The Road to Irkutsk
Brumfield, Wiliam C., Russian Life
Irkutsk, located on the Angara River (a tributary of the Yenisey) is one of the great centers of Siberian culture. Indeed, we could say that Irkutsk is the culmination of Siberia, both geographically and culturally. The great rift that created Lake Baikal also serves as a dividing line between Siberia proper and that part of the Russian Far East known as "beyond Baikal" (Zabaikalye).
But before Irkutsk, let us return to Tomsk (see Russian Life, November-December), the point of departure for this final segment of our Siberian journey. Getting from Tomsk back to the mainline of the Trans-Siberian railway is far more difficult that it should be, particularly if going eastward. In a major blunder, the city's merchant elite made no attempt to persuade Russia's Ministry of Transportation to build the mainline north through Tomsk, and therefore the city had to settle for a branch line, constructed in 1896, to a lonely junction known as Taiga, 80 kilometers to the south.
As a result, a typical connection to Krasnoyarsk involves taking a small train in the late evening down the Tomsk spur to Taiga, which is indeed in the middle of the taiga forest, anchored by nothing more than a major rail junction. At Taiga, the train car from Tomsk is uncoupled and sits, unventilated, for a couple of hours until the express from Novosibirsk pulls in. At that point (after midnight), the Tomsk car is slammed into the end of the express and the journey continues.
Late the next morning, the train emerges from forested hills to arrive at the city of Krasnoyarsk (current population around 925,000), which is now the capital of one of Russia's largest administrative regions, stretching all the way to the Arctic Ocean. Founded in 1628 as a frontier outpost on the mighty Yenisey River, the town for the first century of its existence consisted of little more than a Cossack detachment.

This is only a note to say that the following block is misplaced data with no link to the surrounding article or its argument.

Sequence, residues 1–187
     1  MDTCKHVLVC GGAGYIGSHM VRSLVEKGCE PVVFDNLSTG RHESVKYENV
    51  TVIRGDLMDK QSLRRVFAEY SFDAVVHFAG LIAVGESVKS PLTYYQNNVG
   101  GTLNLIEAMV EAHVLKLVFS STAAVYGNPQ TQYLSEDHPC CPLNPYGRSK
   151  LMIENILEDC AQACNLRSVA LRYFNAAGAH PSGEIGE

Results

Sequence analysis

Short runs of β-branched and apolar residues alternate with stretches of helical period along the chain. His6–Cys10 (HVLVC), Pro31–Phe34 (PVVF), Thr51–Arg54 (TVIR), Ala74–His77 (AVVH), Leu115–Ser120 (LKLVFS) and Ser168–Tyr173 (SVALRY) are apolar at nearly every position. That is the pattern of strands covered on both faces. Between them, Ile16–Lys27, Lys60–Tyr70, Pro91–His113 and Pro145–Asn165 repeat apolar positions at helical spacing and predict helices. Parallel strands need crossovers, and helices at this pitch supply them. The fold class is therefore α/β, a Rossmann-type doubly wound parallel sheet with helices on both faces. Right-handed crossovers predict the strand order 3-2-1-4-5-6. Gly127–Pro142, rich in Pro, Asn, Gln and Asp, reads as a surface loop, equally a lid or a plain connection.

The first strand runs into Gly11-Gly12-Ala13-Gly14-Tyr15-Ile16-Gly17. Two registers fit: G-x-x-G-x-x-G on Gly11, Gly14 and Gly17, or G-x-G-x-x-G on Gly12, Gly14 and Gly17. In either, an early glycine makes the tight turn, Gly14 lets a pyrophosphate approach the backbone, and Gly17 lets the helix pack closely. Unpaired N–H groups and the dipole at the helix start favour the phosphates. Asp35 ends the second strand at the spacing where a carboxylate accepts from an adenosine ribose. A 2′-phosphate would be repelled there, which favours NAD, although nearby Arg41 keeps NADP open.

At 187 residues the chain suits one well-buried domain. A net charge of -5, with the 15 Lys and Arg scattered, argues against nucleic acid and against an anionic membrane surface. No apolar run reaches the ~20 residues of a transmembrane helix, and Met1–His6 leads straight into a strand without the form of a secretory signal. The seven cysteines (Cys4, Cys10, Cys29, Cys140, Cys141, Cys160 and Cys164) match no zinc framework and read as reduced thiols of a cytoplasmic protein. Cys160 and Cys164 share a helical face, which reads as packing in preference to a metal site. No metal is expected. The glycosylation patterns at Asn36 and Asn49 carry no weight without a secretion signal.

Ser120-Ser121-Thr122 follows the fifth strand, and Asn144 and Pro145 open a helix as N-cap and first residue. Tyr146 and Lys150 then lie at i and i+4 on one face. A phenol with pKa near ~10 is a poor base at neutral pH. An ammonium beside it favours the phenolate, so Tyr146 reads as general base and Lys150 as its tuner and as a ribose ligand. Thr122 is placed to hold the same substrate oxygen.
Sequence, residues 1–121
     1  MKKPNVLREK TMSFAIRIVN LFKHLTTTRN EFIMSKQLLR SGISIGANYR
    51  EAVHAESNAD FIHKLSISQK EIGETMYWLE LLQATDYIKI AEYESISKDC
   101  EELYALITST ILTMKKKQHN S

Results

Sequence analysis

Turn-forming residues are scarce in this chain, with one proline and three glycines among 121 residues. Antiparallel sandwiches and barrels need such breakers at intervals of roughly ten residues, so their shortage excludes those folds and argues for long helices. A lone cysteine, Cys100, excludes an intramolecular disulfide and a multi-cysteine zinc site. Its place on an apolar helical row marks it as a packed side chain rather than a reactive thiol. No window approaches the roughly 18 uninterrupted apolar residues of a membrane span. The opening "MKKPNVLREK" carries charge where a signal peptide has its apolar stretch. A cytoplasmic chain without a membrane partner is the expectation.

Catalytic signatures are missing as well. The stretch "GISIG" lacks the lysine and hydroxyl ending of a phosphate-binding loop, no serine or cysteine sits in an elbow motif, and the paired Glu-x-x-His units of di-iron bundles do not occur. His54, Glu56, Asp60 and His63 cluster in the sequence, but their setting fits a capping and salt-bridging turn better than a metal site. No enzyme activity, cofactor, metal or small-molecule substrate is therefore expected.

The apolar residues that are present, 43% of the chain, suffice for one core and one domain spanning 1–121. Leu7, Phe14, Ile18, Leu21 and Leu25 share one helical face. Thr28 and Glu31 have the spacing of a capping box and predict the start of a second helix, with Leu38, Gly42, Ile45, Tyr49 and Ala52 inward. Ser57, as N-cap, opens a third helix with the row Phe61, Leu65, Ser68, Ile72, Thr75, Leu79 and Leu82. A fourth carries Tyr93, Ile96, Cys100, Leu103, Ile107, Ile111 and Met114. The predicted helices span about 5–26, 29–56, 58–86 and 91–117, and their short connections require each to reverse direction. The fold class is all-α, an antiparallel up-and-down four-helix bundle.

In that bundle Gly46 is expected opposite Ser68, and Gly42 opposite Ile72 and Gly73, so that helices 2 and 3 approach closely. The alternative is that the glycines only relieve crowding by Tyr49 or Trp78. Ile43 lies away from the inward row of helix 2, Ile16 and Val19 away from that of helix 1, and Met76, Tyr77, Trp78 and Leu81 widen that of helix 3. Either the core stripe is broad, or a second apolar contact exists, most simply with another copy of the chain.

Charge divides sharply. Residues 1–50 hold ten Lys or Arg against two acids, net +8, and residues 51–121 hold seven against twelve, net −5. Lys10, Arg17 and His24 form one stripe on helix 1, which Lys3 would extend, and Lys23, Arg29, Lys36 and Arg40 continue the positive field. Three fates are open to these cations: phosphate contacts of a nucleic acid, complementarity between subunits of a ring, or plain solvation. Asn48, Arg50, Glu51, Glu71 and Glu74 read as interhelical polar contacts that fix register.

The area's rich natural resources gave rise to industrial and crafts production, particularly after the opening of the Moscow Road (1735-41), a more even, southerly route that redirected settlement and transportation in Siberia. By the turn of the 18th century, a few brick churches were constructed, of which the Intercession Church is the best preserved, with decoration in the florid manner typical of late 18th-century Siberian architecture.
As with Omsk to the west, Krasnoyarsk was transformed in the 19th century from a provincial garrison town into a major transportation center by the construction of the Trans-Siberian Railroad. The increase in economic activity gave rise to a merchant elite that included Gennady Yudin, a bibliophile who sold much of his valuable collection of books to the Library of Congress in 1907.
After the revolution, the industrialization campaign of the 1930s led to the construction of major new sites for heavy industry, as did the evacuation of factories from the European part of the Soviet Union in 1941-42. As in many Siberian industrial cities, the preservation of historic architecture in Krasnoyarsk has often been neglected in the 20th century, as churches were closed and other buildings destroyed to make way for Soviet administrative buildings. For that reason, the most interesting ensemble of historic architecture in this region is in the much smaller town of Yeniseysk, located 340 kilometers to the north of Krasnoyarsk and also situated on the Yenisey River.
The main line of the Siberian railway, however, moves east and then south into the territory of Irkutsk Province. The track winds through forested hills of great beauty, particularly in September, when the birches and larches are brilliant against the dark background of coniferous forest. Sadly, the birch groves are in many cases the result of irresponsible logging, in which the forests are not replanted and the birches are simply first to grow back.
After almost a full day of travel from Krasnoyarsk, the train arrives at the imposing main Irkutsk station, on the left bank of the Angara River. …